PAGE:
IOPS (Input/Output operations Per Second) is a standard benchmark (computing) provided by applications such as IOMeter (originally developed by Intel) as well as IOZone (iozone.org) and FIO (git.kernel.dk) and is primarily used with servers to determine their best configuration settings. The specific number of IOPS possible in any server configuration will vary greatly depending upon the variables the tester enters into the program, including the balance of read and write operations, the simulated randomness of the data, the number of worker threads and queue length, as well as the data block sizes. Because of this, published IOPS by drive and SAN vendors are often misleading and generally represent the best case scenario.
The most common performance characteristics that are measured or defined are:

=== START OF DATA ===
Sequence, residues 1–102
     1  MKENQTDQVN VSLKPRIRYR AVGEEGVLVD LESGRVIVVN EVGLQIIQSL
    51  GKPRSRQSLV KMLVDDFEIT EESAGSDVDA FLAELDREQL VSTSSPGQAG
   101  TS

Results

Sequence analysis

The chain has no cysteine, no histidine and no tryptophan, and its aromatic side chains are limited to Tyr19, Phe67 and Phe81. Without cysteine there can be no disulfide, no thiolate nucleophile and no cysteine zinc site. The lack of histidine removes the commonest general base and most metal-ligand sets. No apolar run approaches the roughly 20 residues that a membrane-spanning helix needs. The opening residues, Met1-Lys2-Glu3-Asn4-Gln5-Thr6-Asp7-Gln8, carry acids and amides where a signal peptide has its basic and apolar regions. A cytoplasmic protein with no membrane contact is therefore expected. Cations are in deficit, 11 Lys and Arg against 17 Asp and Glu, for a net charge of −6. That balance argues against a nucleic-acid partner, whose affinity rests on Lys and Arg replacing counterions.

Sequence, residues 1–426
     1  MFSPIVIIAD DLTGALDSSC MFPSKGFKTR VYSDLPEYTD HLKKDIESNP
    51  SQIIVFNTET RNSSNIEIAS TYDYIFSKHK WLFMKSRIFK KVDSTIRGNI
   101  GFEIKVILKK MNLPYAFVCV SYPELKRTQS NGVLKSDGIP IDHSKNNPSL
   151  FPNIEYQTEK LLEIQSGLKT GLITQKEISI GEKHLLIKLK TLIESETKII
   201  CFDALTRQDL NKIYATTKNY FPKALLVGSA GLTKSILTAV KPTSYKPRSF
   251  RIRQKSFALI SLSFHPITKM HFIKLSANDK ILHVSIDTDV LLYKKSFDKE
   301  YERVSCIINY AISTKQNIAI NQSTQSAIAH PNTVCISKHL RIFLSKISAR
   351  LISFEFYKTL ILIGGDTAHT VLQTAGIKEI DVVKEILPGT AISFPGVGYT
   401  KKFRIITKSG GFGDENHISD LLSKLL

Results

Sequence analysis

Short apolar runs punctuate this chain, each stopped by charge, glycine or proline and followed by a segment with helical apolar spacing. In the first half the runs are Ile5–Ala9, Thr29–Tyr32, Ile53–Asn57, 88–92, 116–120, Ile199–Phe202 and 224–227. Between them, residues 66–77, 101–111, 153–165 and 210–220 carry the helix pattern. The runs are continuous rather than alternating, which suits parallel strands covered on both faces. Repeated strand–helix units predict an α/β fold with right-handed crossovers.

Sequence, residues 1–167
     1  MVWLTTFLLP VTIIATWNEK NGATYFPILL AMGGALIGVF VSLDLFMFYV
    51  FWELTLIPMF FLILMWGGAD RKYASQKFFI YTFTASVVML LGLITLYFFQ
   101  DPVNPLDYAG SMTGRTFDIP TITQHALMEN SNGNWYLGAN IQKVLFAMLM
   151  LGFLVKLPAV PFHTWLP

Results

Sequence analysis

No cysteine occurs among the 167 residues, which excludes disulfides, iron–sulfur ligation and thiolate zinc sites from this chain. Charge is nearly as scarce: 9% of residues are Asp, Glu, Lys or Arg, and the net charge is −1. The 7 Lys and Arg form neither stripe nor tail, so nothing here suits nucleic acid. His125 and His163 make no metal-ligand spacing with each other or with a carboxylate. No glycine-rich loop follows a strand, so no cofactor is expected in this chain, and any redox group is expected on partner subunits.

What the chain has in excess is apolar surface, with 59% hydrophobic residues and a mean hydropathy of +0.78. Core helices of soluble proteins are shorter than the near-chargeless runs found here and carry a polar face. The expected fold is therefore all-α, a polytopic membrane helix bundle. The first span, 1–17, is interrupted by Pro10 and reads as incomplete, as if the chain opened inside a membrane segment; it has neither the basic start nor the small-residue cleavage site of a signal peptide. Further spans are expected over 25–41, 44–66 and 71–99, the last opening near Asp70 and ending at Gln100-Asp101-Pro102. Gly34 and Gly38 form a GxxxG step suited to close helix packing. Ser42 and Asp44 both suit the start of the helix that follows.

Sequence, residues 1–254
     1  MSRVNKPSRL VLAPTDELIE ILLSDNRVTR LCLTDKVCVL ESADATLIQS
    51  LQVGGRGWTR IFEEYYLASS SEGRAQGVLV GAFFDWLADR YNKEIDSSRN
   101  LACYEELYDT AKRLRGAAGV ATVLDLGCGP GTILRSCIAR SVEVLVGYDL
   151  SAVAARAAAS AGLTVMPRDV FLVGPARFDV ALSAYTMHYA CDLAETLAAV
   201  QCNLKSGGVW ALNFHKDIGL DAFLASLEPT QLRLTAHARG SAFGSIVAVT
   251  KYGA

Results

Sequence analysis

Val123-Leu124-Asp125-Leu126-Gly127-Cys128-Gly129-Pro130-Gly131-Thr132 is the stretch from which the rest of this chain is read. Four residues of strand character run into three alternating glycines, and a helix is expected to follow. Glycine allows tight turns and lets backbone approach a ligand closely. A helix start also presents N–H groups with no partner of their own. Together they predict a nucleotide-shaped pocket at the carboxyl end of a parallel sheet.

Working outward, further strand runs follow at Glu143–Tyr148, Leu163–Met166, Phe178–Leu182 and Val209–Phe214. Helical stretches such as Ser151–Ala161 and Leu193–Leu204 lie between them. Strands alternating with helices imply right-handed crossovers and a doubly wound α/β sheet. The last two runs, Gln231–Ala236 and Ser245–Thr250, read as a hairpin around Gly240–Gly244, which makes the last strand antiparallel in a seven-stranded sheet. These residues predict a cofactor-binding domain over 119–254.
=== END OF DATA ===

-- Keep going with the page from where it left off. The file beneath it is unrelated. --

Some hard drives will improve in performance as the number of outstanding IO's increases. This is usually the result of more advanced controller logic on the drive performing command queuing and reordering commonly called either Tagged Command Queuing (TCQ) or Native Command Queuing (NCQ). Most commodity SATA drives either cannot do this, or their implementation is so poor that no performance benefit can be seen. Good SATA drives, such as the Western Digital Raptor will improve slightly--usually by no more than 50%. High end SCSI drives more commonly found in servers generally show much greater improvement, with the Seagate Savvio exceeding 400 IOPS--more than doubling its performance.